Since the first works that he created in the early 1970s, a large part of Gary Hill’s work has consisted of performances in which the artist acted either directly or through film recordings, mixing voice, words, various sounds emitted by him or proceeding from objects and equipment, thereby creating what to date is less a work of video art (although it belongs historically to this area) than a work of sound poetry or even of body poetry, since, on countless occasions, the artist’s body is involved in the pieces as matter and material.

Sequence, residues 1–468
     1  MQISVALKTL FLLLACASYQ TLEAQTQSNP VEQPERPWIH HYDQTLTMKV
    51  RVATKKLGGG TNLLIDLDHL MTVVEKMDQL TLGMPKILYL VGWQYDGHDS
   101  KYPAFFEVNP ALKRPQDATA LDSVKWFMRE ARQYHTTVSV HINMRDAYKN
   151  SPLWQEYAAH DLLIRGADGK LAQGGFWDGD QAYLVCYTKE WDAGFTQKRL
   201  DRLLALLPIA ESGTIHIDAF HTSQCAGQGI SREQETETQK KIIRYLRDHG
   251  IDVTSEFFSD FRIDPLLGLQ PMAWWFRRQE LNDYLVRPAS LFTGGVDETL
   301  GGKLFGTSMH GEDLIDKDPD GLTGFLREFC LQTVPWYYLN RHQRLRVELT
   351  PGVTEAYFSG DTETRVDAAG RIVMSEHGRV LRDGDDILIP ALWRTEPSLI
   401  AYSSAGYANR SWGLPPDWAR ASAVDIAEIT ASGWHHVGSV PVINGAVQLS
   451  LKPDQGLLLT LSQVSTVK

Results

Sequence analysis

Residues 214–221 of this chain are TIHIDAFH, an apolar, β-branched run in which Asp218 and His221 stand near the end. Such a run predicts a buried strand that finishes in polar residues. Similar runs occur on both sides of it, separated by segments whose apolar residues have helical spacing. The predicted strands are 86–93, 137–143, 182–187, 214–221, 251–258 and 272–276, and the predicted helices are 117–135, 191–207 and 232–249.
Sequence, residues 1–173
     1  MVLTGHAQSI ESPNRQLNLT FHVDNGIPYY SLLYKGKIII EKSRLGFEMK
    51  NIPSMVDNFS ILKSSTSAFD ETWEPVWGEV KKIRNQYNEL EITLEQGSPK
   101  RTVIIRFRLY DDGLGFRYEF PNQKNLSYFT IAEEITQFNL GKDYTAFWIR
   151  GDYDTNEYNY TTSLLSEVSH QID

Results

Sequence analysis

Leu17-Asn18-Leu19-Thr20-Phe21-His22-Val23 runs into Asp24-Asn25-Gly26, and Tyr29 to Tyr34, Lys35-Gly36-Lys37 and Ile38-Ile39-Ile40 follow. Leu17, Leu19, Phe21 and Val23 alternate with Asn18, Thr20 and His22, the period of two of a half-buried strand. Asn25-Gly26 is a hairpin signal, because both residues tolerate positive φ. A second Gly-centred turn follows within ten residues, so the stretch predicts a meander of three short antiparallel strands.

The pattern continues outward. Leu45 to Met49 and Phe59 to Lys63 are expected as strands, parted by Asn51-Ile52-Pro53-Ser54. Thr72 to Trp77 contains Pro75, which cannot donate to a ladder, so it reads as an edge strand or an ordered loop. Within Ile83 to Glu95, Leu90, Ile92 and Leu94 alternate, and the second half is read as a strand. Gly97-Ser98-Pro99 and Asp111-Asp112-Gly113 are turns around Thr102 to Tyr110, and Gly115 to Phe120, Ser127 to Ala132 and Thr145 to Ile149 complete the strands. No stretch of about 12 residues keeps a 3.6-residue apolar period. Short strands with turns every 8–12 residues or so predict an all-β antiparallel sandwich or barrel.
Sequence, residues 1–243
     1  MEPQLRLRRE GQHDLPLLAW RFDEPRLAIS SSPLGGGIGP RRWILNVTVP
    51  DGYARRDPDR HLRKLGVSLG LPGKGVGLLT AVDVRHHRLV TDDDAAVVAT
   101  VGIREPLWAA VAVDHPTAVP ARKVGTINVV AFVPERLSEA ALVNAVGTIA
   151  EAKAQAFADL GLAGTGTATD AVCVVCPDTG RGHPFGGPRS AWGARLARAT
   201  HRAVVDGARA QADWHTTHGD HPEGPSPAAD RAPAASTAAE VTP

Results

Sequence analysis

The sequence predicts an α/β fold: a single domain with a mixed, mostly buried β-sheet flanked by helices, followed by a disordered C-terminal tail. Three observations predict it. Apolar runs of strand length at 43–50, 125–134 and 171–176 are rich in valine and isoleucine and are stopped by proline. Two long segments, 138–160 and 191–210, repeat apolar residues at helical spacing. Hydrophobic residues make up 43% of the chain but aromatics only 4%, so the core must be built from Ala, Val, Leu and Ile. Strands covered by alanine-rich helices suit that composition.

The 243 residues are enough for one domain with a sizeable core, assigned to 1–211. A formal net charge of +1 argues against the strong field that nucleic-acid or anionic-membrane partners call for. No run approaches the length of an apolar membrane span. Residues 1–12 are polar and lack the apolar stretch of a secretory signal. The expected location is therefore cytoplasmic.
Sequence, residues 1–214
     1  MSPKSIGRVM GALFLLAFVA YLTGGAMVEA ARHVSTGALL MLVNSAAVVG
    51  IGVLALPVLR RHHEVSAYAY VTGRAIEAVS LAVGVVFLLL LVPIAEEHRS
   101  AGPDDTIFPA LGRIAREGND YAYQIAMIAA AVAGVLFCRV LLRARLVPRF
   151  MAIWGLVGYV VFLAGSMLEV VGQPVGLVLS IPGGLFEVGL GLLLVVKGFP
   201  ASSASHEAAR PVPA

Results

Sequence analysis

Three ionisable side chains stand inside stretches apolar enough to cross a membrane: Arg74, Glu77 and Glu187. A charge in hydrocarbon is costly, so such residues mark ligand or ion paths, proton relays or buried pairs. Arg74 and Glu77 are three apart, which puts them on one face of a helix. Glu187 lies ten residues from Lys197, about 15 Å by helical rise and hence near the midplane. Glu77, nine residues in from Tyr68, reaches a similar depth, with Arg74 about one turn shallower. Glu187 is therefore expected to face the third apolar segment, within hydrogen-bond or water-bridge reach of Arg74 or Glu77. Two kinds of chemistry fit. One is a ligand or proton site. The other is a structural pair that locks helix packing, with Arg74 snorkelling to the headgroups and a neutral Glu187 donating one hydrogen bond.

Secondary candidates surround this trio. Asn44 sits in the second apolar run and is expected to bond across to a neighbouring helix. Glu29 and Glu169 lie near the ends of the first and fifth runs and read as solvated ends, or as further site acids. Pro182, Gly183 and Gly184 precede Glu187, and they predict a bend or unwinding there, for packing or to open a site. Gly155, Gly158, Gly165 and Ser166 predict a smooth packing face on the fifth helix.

In Wall Piece, Gary Hill repeatedly flings his own body against a wall while pronouncing each time some words which end up forming a complete text. His body is simultaneously matter and sound and visual material as well as an invisible shape that is hidden in the darkness in order to appear suddenly in a luminous flash. We do not know whether it is his body that produces the images that appear, or his voice that triggers the light, or the sound of his body against the wall that gives rise to this whole atmosphere. It is clear that an obvious link exists between the verbal, the vocal, the visual, and the corporeal, but after a while we realise that these elements lose focus and separate in order to recompose themselves and come apart again. The performance does not lie only in the installation that we are experiencing or in the film actions: it is also in our perception, which attempts to bring together what was swiftly disconnected and re-tie the thread of loose words. As in certain other works by Gary Hill, Wall Piece is a work that deals with dissociative perception and the way that we must associate the diverse elements of language, image and body in order for perception to exist.